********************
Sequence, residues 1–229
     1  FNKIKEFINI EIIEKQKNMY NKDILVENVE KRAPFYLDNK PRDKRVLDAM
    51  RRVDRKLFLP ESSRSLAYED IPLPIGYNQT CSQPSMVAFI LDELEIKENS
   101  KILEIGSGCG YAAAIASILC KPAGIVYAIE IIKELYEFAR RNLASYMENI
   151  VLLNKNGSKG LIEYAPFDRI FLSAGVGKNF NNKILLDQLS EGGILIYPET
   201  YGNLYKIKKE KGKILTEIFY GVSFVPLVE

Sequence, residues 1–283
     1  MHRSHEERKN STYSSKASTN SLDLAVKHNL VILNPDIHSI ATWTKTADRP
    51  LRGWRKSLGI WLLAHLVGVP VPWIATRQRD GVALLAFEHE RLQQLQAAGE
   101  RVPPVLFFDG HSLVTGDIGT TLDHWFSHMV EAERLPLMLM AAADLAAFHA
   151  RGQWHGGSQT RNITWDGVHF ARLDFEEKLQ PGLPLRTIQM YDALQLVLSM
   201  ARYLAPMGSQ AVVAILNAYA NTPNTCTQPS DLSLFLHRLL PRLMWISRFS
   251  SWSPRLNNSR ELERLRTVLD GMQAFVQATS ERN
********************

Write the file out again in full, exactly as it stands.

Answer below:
Sequence, residues 1–229
     1  FNKIKEFINI EIIEKQKNMY NKDILVENVE KRAPFYLDNK PRDKRVLDAM
    51  RRVDRKLFLP ESSRSLAYED IPLPIGYNQT CSQPSMVAFI LDELEIKENS
   101  KILEIGSGCG YAAAIASILC KPAGIVYAIE IIKELYEFAR RNLASYMENI
   151  VLLNKNGSKG LIEYAPFDRI FLSAGVGKNF NNKILLDQLS EGGILIYPET
   201  YGNLYKIKKE KGKILTEIFY GVSFVPLVE

Sequence, residues 1–283
     1  MHRSHEERKN STYSSKASTN SLDLAVKHNL VILNPDIHSI ATWTKTADRP
    51  LRGWRKSLGI WLLAHLVGVP VPWIATRQRD GVALLAFEHE RLQQLQAAGE
   101  RVPPVLFFDG HSLVTGDIGT TLDHWFSHMV EAERLPLMLM AAADLAAFHA
   151  RGQWHGGSQT RNITWDGVHF ARLDFEEKLQ PGLPLRTIQM YDALQLVLSM
   201  ARYLAPMGSQ AVVAILNAYA NTPNTCTQPS DLSLFLHRLL PRLMWISRFS
   251  SWSPRLNNSR ELERLRTVLD GMQAFVQATS ERN